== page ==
Johannesburg - As thousands descended on Orlando West to pay their respects to the family of Winnie Madikizela-Mandela, a multimillion-rand clandestine drug laboratory was quietly operating three streets down the road from the late Struggle icon’s Soweto home.
The Hawks and the police launched a midnight raid on the property on Makabeni Street, after receiving a tip-off from members of the community who grew suspicious of the mysterious activities.
Gloria*, one of the neighbours, said she was not surprised that the police and the Hawks discovered mandrax tablets, powder, an unidentified solution and equipment in the house.
Speaking to The Star on Thursday, Gloria described the five-room house, which has three outside rooms and a toilet, as “mysteriously quiet”.
“I doubt that anyone who lives on this street has been into that house. People die around here and communities support each other, but nobody from that house comes to any of the funerals,” she added.
Some residents living on Makabeni Street said there was something strange about the recently renovated premises with its high walls.
Once a week, the son - whose father died a few months ago - arrives there, switches on the lights and then switches them off again a few days later, neighbours claimed.
While they had never seen anyone else except the son at the house, there had been some noise and movement, according to them.
Neighbours said they had been suspecting that something strange was going on.
Brian Mdluli, who stays not far from the house, said he often saw a grey Mercedes-Benz parked at the entrance to the house, which turned out to be a drug lab.
“The man who owns the house is in his mid-40s. Once or twice he came to switch on the lights in the house. I am told that he also drives a white van,” said Mdluli.
But the owner doesn’t speak much to the neighbours, as he is hardly ever at home, he added.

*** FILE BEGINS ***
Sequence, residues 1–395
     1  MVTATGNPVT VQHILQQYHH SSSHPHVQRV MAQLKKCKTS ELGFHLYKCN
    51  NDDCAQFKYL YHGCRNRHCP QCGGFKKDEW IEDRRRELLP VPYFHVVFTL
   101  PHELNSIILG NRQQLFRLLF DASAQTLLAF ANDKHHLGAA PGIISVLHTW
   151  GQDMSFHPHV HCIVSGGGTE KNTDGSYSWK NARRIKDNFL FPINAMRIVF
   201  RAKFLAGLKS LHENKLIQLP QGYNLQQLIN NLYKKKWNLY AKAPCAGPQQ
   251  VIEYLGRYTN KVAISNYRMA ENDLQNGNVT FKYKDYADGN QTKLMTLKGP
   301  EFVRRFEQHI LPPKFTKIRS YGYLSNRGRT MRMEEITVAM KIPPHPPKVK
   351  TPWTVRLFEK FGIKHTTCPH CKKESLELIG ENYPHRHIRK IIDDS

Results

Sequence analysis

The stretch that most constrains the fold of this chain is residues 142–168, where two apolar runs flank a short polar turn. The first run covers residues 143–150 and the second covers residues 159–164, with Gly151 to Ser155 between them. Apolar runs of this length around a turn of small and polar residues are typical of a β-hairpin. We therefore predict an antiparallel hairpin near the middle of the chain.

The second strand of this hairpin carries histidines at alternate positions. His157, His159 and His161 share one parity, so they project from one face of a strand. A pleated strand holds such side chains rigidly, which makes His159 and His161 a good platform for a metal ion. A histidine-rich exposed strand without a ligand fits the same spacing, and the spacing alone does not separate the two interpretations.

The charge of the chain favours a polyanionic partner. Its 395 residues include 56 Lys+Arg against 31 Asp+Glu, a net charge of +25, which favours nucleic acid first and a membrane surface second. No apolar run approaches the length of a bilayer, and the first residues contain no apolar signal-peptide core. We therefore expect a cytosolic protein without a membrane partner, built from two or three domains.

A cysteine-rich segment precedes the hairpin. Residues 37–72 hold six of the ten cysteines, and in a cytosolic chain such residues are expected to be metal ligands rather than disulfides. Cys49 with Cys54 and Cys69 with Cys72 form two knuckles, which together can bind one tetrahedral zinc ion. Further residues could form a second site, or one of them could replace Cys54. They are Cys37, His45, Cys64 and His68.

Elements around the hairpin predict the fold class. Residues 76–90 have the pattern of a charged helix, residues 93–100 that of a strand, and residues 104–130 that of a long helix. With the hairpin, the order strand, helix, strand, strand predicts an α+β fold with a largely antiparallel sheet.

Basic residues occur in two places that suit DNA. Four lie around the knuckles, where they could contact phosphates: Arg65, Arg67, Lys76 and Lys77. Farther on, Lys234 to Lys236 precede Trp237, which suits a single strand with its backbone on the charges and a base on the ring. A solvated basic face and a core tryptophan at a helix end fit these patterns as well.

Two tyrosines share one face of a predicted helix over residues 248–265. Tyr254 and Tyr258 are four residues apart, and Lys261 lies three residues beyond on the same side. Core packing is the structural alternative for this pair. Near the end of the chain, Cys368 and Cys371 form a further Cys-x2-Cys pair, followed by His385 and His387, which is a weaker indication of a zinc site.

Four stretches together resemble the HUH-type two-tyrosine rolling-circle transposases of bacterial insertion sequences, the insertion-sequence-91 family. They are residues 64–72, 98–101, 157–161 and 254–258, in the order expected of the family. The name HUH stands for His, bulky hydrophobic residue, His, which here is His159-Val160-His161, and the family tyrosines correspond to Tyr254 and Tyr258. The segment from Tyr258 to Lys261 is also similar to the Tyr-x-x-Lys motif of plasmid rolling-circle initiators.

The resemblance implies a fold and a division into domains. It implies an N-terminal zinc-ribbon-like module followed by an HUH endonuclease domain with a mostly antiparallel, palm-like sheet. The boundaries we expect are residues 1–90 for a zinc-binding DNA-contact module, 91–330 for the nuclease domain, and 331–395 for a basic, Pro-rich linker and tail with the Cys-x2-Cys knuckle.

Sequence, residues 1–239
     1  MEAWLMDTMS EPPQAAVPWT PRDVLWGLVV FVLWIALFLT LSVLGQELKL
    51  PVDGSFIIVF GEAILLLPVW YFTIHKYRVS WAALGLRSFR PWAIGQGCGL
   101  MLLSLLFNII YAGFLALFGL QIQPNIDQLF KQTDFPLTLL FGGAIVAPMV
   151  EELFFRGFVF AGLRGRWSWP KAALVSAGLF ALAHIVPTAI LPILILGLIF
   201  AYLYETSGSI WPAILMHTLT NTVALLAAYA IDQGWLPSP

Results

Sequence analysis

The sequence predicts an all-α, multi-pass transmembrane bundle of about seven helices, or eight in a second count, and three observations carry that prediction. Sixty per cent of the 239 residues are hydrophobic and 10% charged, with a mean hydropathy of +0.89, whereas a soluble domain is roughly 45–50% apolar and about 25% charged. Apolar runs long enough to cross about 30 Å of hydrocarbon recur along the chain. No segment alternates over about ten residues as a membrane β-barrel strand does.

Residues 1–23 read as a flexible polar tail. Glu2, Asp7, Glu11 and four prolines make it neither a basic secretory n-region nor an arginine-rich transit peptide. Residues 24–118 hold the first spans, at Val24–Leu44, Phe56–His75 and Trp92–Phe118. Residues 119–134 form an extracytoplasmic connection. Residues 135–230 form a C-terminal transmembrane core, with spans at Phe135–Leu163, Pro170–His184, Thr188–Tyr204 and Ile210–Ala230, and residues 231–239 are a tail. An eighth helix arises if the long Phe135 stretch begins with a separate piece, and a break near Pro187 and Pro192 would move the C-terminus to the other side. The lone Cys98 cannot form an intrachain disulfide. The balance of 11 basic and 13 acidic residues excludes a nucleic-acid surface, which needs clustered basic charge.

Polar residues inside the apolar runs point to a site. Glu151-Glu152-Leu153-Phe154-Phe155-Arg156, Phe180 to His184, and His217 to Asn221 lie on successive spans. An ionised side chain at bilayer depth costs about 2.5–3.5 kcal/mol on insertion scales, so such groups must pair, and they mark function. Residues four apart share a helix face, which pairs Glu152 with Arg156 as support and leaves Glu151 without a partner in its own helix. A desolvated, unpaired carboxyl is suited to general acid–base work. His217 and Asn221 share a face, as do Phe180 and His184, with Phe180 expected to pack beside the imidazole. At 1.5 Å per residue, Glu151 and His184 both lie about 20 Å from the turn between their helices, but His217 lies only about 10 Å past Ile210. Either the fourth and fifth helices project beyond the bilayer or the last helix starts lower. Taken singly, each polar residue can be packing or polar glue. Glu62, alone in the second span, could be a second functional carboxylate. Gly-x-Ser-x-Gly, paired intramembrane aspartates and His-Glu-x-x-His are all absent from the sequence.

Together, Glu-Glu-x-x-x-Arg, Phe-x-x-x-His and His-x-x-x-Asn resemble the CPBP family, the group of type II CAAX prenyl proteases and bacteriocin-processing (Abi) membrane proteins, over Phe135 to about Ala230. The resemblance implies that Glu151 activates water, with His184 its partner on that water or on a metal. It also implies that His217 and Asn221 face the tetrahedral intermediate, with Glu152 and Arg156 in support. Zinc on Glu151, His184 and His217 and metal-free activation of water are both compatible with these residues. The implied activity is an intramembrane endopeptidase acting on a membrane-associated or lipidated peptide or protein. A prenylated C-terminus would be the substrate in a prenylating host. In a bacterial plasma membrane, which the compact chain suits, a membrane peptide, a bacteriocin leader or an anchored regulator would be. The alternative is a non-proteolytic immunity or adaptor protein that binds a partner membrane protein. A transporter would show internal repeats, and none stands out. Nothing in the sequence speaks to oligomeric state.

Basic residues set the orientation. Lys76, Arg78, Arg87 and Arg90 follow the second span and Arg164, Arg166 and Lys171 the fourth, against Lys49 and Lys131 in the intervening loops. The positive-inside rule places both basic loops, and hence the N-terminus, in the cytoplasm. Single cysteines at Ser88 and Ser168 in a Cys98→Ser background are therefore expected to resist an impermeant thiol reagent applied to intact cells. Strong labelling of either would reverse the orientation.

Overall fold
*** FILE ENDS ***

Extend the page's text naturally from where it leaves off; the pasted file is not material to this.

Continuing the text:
“He seems to be aloof. He quickly walks in and out. Maybe he doesn’t want anyone to notice him or disturb his illegal drug operations, as we are now hearing from the police and seeing on TV,” Mdluli remarked.
Makabeni Street was closed off from the early hours of on Thursday, with police cars parked outside.
Forensic and narcotics investigators were also at the scene, collecting evidence.
Inside the house, police found chemicals, mandrax, as well as a pulveriser, which is used for the grinding of various materials.
According to the police officers, one mandrax tablet weighs 9g and costs about R40 on the streets.
One of the neighbours, who refused to be named, said she heard a loud noise while she was asleep, when the police arrived to raid the premises.
“Our street is usually quiet. We hardly hear any noise, only on weekends. I decided to go out.
“I saw a lot of policemen. I didn’t know what was happening until I heard in the morning from the neighbours that it was a drug bust.”
Drugs were a huge problem in the community, with many children hooked, some of the neighbours said.
“Nyaope is one of our biggest challenges when it comes to this community and our children.
“These kids steal from us, because they want money to get their next fix.
“As parents and residents of Orlando we are tired of the drug problem,” said an elderly resident.
While investigators were still busy in the house, national police commissioner General Khehla Sitole said the breakthrough in the fight against the scourge of drugs was made possible by the local residents.
“This breakthrough emanated from the collaborative work between the community and the police,” he said, adding that they were still searching for the owner of the house.
“The community have played a commendable role in this intelligence-driven operation.
“They must be recognised for their valuable assistance, as we continue to advocate for partnership in policing,” he pointed out.
“We are appealing to the neighbouring community or anyone with information to come forward and report it to the police.
“We welcome any further details that could assist in concluding this case. This drug lab has been in operation for some time. It has employers and supervisors.
“There are a number of suspects. There are also sellers, who I think are linked to this set-up,” Sitole said.
“To date, we have been able to arrest a number of suspects for drug-related crimes in Orlando over the past year,” he added.
* Not her real name